Global mobile worth the effort, pros say

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Global mobile worth the effort, pros say
Global mobile worth the effort, pros say

The Mobile Marketing Associa­tion released a global code of conduct earlier this month, in order to address the specific challenges that marketers face within the mobile chan­nel. The document outlines a number of privacy principles intended to guide companies as they incorporate the mobile channel into their marketing campaigns worldwide.

However, in addition to privacy concerns, there are a number of technical and cul­tural challenges that marketers face when using the mobile channel to reach consumers outside of the US.

“There's a lot of complexity in the mobile space,” says Neil Strother, an analyst at Jupiter Research. Although the chan­nel is fairly nascent, it shows great promise, he adds.

Strother anticipates that the next few years will represent growth years for international mobile marketing. “It's going to take time for advertisers to feel comfortable that there's an audi­ence for it,” he says.

“Obviously, the biggest challenge is the lack of standards and interoperabil­ity between carriers and platforms,” says Thomas Tafuto, executive creative direc­tor of Tribal DDB's Dallas office. “The fact that there are no standards means you have to operate at a very basic level.”

When marketing globally in the mobile channel, cost also comes into play, says Gene Keenan, VP of mobile services for Isobar. Launching a campaign in the US where there are a number of different carriers can be dif­ficult, Keenan says. When you add global to the mix, the chal­lenges multiply.

E-mail is easy to do globally; however, if you want to use short messaging service (SMS) communications, there can be many charges involved, he says.

For instance, there are different connec­tivity charges for each country, Keenan says. What it costs to send a message in China is different from sending one in Italy. There can also be a lot of logistical work involved, in terms of figuring out what countries to run the program in and what vendors to work with, he notes.

There can be huge cultural and usage differences country to country, Keenan adds. For example, in Japan, running an SMS campaign is not going to be relevant. “[The Japanese are] just not big texters, in the traditional sense of the word in the US,” he says. “They're much more into mobile-to-mobile e-mails.”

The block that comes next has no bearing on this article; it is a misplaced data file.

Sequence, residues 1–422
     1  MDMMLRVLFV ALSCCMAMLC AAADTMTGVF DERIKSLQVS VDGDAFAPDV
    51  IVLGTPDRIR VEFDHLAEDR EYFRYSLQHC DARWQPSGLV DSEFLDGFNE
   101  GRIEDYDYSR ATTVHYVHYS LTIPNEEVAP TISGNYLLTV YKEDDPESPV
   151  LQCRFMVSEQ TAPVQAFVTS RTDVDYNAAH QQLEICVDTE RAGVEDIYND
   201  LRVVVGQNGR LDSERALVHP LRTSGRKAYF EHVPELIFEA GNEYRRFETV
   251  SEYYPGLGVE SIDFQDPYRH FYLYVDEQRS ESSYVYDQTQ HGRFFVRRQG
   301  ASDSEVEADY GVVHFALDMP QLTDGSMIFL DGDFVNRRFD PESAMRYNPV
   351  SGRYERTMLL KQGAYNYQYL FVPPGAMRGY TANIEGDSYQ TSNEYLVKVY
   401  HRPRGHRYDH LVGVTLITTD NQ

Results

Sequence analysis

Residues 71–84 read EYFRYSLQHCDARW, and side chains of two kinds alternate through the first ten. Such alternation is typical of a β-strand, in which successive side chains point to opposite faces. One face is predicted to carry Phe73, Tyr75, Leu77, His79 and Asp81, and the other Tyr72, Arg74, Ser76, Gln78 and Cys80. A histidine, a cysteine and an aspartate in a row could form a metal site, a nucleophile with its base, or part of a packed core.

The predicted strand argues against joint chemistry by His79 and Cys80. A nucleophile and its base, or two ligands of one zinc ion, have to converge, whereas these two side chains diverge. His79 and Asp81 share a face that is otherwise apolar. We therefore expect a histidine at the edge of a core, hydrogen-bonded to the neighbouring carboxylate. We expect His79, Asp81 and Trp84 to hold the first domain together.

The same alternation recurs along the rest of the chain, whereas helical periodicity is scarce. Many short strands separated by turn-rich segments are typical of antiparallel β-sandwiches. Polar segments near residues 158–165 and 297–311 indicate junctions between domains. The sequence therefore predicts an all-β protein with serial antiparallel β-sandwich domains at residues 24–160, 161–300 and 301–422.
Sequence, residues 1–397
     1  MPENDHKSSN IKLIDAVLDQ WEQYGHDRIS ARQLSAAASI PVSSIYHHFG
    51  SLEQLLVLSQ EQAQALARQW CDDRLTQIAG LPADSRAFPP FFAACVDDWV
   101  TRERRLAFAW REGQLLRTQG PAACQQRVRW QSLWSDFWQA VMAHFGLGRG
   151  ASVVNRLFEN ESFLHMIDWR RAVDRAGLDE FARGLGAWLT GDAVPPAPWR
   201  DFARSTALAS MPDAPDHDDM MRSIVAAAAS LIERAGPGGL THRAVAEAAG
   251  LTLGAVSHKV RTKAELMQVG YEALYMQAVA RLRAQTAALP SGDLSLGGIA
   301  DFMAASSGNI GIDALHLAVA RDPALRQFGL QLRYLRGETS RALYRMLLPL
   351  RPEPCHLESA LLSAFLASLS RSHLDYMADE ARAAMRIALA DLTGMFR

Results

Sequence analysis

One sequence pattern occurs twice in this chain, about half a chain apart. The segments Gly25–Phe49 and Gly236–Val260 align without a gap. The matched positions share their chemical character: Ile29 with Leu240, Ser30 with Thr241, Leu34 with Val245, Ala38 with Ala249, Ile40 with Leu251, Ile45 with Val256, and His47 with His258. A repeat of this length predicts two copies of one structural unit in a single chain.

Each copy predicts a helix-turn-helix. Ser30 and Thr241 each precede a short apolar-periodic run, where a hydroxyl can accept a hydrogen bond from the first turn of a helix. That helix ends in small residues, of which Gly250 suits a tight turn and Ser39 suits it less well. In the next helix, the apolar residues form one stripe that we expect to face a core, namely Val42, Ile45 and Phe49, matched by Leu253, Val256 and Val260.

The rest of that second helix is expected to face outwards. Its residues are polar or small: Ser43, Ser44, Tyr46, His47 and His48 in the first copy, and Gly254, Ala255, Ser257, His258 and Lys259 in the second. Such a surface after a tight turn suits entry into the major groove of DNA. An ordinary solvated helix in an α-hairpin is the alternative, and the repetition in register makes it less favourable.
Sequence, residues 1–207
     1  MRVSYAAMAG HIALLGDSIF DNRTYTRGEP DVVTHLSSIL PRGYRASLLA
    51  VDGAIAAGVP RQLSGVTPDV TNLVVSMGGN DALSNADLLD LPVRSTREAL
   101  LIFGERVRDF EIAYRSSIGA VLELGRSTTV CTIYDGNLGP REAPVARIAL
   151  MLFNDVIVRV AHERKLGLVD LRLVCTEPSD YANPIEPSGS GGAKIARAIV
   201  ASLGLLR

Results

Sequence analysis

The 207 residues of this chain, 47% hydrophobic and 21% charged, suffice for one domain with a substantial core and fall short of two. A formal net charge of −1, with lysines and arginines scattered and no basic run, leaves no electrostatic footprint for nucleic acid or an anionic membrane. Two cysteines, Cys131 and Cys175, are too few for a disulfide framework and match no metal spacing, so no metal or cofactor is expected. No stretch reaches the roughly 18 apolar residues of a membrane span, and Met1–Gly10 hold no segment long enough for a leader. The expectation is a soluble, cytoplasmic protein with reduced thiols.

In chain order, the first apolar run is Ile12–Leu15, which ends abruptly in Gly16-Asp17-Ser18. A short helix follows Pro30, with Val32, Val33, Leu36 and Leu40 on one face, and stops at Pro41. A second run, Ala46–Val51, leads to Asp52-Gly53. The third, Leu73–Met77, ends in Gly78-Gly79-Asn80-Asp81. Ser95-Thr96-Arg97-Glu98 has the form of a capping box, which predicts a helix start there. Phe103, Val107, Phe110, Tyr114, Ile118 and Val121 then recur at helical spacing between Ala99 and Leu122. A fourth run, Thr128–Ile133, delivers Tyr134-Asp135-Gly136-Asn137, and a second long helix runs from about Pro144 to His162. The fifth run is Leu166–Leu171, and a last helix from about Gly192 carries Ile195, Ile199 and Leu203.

It's also important to think about differences in senses of humor, says Steen Andersson, VP of marketing at 5th Fin­ger. “If you have any comedic elements, be careful that the comedy applies to each market,” he says.

There are also different levels of con­vention in terms of pubic decency or nudity, Anderson notes. “In markets like Italy, campaigns do pretty extreme things that you wouldn't do in the US,” he says. “You have to be a little more outlandish to get that attention in Italy.” Timing and time zones should also be a consideration, he adds.

Also, different privacy laws and regu­lations determine how private personal data can be handled and used in different countries, Tafuto says.

Even laws about sweepstakes vary from country to country, Andersson says. For example, in the US, a product purchase cannot be a requirement for entry, but in other countries that may not necessarily be the case.

If a marketer wants to run a global cam­paign that is as universally accessible as possible, the best option may be the lowest common denominator, which is SMS, Tafuto suggests.

However, Keenan believes that the one channel that would truly work globally is using the mobile Web to run display ads. From a cost and technical perspective, this technique has the fewest barriers of any other mobile marketing channel, he says.

Despite myriad challenges, marketers feel positive about mobile. “The standard thing is going to get worked out,” Tafuto says. Google's release of its open source Android platform last year was a very important development, he adds.

“The mobile channel has so much potential,” he asserts, but points out that, “In order for it to really thrive, we have to de-fragment the marketplace and the technology platforms to one universal platform or system.”

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